# Prove that given a triangle satisfying $8\prod \sin\frac{A}{2}=\prod \cos(A-B)$ then that triangle is equilateral.

Prove that given a triangle $ABC$ satisfying $$8 \sin\frac{A}{2}\sin\frac{B}{2}\sin\frac{C}{2} = \cos(A-B)\cos(B-C)\cos(C-A)$$ then that triangle is equilateral.

• Suggest you re-word the question to something like "prove that given a triangle satisfying (your equation) then that triangle is equilateral." In your question you already have said it holds for equilaterals, but it seems you want it to hold only for equilaterals. – coffeemath Jul 26 '15 at 6:28
• @LzuTao, Hi Lzu. I did not receive any notification. I just accidently found this question. – Arashium Jul 26 '15 at 7:05
• Just adding that, you have two equations with three variables. Equilateral triangle might not be the only solution. – Arashium Jul 26 '15 at 7:26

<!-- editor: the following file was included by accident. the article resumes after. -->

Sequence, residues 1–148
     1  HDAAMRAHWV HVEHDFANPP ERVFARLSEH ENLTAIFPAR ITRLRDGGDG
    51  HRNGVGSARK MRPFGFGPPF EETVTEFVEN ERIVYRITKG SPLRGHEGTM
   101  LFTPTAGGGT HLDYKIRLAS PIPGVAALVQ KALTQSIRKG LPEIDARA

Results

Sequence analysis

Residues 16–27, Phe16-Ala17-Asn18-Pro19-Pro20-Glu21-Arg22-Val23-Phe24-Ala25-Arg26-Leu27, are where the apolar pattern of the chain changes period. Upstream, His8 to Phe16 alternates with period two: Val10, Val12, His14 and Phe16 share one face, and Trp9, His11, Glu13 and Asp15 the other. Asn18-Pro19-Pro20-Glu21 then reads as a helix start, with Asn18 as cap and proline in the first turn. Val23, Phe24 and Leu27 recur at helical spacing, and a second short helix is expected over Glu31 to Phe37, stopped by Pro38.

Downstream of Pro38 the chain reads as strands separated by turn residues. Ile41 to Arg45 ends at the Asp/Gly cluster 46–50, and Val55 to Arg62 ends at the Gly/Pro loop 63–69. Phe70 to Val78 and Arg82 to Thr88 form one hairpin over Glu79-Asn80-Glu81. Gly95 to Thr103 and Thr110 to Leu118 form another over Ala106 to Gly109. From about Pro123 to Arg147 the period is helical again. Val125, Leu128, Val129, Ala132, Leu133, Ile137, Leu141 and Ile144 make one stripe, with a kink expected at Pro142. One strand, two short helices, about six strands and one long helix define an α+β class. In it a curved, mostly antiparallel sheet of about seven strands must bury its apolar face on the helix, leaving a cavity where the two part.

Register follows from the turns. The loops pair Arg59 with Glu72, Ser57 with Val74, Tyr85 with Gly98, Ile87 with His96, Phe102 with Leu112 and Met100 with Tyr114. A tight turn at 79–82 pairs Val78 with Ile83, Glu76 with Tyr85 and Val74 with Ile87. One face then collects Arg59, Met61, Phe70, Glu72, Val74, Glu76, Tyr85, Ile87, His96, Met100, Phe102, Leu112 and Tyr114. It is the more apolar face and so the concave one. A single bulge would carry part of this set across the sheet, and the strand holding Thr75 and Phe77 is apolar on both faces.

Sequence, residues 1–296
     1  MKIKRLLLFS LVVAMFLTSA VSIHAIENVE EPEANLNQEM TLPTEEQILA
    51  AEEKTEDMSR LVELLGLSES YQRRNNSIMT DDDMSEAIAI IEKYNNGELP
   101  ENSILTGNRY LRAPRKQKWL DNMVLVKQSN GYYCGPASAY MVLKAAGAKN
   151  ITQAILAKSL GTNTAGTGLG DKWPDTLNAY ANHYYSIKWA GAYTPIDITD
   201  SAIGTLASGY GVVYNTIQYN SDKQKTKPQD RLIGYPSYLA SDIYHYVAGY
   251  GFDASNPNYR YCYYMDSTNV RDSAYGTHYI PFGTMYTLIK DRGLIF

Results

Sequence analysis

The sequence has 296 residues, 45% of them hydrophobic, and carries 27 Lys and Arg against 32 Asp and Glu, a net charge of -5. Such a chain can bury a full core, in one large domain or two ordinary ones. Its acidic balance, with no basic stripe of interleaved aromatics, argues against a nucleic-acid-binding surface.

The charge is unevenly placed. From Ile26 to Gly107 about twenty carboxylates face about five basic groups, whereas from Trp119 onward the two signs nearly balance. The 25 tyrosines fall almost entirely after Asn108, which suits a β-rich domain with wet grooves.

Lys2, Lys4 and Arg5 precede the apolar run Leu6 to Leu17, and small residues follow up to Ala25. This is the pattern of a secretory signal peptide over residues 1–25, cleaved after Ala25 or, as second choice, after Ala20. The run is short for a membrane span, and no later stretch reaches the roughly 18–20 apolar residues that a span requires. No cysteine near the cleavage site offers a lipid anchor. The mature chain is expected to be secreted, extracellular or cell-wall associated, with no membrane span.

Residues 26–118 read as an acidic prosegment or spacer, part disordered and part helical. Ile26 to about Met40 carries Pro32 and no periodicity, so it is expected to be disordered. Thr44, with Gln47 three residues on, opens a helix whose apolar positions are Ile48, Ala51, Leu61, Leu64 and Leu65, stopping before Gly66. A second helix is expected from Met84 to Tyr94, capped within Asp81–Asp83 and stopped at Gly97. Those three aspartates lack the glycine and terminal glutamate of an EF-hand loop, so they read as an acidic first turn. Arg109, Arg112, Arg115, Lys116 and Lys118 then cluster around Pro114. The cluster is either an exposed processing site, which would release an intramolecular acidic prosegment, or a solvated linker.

• Have a look at the infinite solutions: link – Arashium Jul 26 '15 at 7:50
• Guess: expand the RHS? What's the rule for cosines, cos(A+B) = cosAcosB - sinAsinB? – BCLC Jul 26 '15 at 17:36

Let $p(a,b,c)$ be the left side of your equation, and $q(a,b,c)$ be the right side, using lower case for your $A,B,C$ for no real reason. The equation is then saying that $h(a,b,c)=0$ where $h(a,b,c)=p(a,b,c)-q(a,b,c).$
Now if $a+b<\pi$ we can get a legal triangle with angles $a,b,\pi-a-b.$ Define $w(a,b)=h(a,b,\pi-a-b),$ then if your equation were to hold only for equilateral triangles, we could have $w(a,b)=0$ only for $a=b=\pi/3.$ However for example $w(0.1,0.2)=-0.7648<0$ while $w(1.1,0.2)=0.3647>0.$ This means from the intermediate value theorem there is some $c$ between $0.1$ and $1.1$ for which $w(c,0.2)=0.$ However this $c$ is not $\pi/3$ [or rather more simply, $0.2 \neq \pi/3$] so that there are triangles not equilateral which satisfy your equation.